Zealots and Pulpits

~this week’s poems~

we’ll always be such naughty little marionettes . . .

Prairie dirt shutters my windows

like a shrug, and I say that

melancholy shouldn’t feel this black–

the glass should be clear 

and the view beautiful, 

but out of reach; 

so that in here 

I’m zealous and austere

with equal parts 

grin and teeth.


Your angels wield agency

like devils play my strings.

Either way, we dance

together and detached,

our volition the cute smile

on the ash and bone cheeks

we anguish with tears and sweat

wiped lovingly away with their wings;

we’ll always be such naughty little marionettes.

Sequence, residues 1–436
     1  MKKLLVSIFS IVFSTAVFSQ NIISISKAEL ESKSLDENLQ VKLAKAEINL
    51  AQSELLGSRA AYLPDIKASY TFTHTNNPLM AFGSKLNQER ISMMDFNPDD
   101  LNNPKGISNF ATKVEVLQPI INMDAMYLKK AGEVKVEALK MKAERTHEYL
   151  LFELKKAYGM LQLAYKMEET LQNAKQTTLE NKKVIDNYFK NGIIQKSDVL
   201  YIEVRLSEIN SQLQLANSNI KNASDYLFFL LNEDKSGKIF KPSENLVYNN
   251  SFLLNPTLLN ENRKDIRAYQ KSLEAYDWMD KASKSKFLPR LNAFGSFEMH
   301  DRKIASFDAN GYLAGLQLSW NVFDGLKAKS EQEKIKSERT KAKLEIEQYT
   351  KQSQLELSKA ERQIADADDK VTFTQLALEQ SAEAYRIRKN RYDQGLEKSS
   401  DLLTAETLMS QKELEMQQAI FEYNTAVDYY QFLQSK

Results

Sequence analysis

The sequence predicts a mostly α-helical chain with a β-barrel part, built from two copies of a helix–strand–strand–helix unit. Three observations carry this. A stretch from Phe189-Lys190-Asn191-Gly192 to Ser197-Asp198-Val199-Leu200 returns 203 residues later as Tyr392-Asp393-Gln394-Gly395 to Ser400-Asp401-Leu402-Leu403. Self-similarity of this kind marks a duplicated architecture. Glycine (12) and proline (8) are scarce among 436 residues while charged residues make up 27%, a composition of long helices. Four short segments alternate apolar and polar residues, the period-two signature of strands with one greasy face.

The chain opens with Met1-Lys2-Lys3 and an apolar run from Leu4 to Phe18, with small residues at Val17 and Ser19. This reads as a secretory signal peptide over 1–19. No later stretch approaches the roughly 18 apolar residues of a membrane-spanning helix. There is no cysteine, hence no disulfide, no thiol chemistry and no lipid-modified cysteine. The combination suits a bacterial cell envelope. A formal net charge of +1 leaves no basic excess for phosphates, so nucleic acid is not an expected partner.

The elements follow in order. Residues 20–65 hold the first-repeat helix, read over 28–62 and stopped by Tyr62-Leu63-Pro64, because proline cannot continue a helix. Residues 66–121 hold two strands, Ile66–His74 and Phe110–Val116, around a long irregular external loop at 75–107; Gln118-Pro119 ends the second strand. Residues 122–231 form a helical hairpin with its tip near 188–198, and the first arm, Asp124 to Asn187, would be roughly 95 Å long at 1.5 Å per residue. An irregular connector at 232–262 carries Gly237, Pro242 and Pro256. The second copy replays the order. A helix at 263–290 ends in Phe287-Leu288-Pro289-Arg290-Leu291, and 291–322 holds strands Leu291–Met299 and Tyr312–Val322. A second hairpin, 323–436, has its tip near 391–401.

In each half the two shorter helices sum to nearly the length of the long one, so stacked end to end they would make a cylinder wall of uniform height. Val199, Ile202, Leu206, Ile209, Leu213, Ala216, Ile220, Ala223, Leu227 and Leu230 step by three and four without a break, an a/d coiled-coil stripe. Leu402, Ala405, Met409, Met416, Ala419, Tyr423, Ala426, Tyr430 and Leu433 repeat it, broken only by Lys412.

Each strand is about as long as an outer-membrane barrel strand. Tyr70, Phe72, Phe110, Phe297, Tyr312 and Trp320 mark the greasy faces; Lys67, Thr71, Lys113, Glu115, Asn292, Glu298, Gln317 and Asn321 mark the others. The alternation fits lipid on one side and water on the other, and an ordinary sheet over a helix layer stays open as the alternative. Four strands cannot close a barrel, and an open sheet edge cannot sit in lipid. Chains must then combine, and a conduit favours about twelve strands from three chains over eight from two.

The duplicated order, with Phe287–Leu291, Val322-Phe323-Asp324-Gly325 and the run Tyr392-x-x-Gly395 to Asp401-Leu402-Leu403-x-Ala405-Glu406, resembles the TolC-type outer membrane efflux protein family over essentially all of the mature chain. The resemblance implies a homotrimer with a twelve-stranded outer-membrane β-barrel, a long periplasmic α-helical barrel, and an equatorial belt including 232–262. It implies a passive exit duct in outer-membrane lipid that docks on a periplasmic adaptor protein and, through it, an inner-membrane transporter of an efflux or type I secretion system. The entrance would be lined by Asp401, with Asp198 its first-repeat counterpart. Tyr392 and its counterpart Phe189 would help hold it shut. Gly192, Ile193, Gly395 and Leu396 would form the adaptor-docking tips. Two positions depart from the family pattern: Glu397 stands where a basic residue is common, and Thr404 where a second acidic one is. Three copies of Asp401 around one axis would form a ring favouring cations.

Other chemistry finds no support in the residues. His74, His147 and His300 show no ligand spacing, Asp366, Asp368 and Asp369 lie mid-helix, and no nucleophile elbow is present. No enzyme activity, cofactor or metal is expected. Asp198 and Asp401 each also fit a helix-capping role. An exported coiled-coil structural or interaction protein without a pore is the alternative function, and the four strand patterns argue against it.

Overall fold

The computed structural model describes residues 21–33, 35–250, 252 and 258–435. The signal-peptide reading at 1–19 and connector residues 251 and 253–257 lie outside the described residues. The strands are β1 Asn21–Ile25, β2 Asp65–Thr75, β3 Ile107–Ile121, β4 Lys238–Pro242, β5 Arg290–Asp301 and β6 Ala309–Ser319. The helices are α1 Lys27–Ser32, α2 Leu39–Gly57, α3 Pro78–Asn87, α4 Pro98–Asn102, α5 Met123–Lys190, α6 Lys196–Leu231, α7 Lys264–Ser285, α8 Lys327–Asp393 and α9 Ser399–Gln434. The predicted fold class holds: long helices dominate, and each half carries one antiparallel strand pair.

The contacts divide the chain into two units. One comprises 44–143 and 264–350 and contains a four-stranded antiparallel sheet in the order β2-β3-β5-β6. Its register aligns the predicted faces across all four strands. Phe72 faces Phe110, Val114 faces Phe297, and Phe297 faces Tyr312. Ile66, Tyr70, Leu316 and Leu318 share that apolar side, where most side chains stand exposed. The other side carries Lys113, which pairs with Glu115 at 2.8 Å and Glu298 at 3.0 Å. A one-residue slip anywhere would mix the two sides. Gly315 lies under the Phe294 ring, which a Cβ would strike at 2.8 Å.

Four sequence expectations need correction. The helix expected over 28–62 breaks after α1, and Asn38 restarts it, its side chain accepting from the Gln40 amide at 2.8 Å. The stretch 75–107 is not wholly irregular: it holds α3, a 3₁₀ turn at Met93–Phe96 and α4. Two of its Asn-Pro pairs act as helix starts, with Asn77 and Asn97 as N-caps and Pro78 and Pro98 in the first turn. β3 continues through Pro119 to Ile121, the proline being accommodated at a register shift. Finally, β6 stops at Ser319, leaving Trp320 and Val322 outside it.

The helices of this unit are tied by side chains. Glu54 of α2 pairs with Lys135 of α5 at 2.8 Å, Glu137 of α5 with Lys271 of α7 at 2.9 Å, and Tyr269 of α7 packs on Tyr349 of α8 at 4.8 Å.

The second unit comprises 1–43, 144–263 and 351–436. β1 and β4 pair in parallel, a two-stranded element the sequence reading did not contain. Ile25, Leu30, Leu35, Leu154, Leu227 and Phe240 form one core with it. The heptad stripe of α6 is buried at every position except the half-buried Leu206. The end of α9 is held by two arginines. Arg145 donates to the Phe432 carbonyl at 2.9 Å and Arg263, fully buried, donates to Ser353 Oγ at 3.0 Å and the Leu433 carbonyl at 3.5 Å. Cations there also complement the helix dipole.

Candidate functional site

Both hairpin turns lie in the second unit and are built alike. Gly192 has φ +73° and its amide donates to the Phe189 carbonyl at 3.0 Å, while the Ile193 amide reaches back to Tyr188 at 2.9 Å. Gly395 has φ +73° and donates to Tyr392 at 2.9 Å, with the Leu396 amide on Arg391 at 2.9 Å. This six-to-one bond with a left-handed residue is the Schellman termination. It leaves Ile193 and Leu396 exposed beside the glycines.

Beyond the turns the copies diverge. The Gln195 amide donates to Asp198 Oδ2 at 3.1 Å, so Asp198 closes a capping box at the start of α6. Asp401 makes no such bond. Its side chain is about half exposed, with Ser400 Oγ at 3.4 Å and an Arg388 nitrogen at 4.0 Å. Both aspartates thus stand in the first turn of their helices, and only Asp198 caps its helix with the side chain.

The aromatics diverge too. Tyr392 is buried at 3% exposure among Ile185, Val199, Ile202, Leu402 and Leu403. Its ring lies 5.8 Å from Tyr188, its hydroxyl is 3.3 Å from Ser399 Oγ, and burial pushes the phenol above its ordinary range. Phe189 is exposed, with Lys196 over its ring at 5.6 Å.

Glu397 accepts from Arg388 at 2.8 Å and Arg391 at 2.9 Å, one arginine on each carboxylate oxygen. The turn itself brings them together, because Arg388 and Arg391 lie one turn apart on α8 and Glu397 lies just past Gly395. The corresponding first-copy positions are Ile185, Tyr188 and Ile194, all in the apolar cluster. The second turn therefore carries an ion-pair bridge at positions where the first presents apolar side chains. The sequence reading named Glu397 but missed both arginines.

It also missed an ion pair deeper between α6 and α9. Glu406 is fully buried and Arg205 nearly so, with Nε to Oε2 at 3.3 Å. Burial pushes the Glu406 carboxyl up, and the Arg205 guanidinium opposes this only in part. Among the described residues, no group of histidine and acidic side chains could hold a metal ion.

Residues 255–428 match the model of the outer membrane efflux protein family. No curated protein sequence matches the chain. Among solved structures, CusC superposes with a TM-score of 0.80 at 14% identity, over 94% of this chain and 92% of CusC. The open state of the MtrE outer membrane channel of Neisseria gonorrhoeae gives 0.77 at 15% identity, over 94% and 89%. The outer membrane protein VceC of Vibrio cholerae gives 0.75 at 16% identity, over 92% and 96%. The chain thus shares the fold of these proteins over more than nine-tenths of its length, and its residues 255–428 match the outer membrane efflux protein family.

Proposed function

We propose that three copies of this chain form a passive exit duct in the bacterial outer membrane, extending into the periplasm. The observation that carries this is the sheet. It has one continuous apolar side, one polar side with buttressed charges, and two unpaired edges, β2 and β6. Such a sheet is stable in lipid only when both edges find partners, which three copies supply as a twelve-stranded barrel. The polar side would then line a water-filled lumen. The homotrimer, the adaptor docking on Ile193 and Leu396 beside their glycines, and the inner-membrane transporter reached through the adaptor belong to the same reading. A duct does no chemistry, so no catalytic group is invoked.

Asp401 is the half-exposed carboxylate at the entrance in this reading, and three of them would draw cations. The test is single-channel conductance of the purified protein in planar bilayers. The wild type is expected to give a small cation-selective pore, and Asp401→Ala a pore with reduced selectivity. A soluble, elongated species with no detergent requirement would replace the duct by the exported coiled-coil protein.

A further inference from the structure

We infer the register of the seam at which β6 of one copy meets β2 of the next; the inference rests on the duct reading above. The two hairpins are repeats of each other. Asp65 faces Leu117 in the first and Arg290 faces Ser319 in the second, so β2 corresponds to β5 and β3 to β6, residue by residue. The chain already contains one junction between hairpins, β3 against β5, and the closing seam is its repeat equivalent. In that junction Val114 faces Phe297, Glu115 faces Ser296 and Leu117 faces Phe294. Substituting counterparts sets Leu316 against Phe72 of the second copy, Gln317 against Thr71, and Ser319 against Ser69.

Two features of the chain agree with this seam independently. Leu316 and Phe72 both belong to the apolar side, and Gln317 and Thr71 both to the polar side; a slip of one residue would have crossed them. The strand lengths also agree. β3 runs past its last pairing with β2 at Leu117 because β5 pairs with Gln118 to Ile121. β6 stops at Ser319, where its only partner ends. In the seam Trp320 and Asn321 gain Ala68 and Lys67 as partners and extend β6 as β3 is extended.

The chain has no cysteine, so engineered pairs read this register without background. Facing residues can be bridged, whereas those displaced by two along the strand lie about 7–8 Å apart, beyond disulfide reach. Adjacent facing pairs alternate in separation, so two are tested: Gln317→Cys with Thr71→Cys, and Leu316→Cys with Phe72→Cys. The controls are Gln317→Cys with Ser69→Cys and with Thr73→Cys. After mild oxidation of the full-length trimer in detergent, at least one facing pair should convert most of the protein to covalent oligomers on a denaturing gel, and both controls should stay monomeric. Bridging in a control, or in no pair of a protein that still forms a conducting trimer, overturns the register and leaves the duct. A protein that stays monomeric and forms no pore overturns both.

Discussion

I’m a zealot two drinks 

after dusk starts ticking 

on my temples, nervously

flicking the barbs on my crown

as they thicken with layers

of skin—I’m just that sort of saint,

a muse of worry, an artist

skinning canvasses in battles 

I have no hope of winning.


Above my pulpit 

swings a slip knot microphone, 

and the man in the mask

curates my words. 

He leads me up the steps 

to my best audience yet 

and pulls the mic tight. 

I clear my throat

against the rope

and I speak

through my shroud: 

my poetry

is immortalized 

through the hissing silence

of the crowd, 

the banality

of my last words 

overwhelmed

by their utter finality, 

and then 

people 

really 

really

listen. 

 

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